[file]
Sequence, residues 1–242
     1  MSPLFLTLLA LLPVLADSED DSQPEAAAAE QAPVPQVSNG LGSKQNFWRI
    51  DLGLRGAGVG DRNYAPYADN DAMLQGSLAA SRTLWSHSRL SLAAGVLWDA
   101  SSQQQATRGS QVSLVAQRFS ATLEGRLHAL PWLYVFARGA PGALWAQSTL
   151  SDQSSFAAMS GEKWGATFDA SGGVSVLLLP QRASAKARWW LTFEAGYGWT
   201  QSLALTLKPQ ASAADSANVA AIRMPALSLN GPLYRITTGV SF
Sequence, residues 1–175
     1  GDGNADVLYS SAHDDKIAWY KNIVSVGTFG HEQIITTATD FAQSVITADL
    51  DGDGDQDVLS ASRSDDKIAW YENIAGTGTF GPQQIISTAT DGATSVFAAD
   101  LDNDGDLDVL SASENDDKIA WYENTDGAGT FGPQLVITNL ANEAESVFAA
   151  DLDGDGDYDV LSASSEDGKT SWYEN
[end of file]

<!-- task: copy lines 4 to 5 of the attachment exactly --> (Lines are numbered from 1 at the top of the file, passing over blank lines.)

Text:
   101  SSQQQATRGS QVSLVAQRFS ATLEGRLHAL PWLYVFARGA PGALWAQSTL
   151  SDQSSFAAMS GEKWGATFDA SGGVSVLLLP QRASAKARWW LTFEAGYGWT